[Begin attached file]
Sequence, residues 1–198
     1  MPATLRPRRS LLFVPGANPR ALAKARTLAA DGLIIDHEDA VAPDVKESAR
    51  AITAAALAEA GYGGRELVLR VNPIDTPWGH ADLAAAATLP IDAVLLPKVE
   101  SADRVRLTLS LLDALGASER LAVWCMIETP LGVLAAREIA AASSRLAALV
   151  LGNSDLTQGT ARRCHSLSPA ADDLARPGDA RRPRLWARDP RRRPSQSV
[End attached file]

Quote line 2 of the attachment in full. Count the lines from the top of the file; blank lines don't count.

     1  MPATLRPRRS LLFVPGANPR ALAKARTLAA DGLIIDHEDA VAPDVKESAR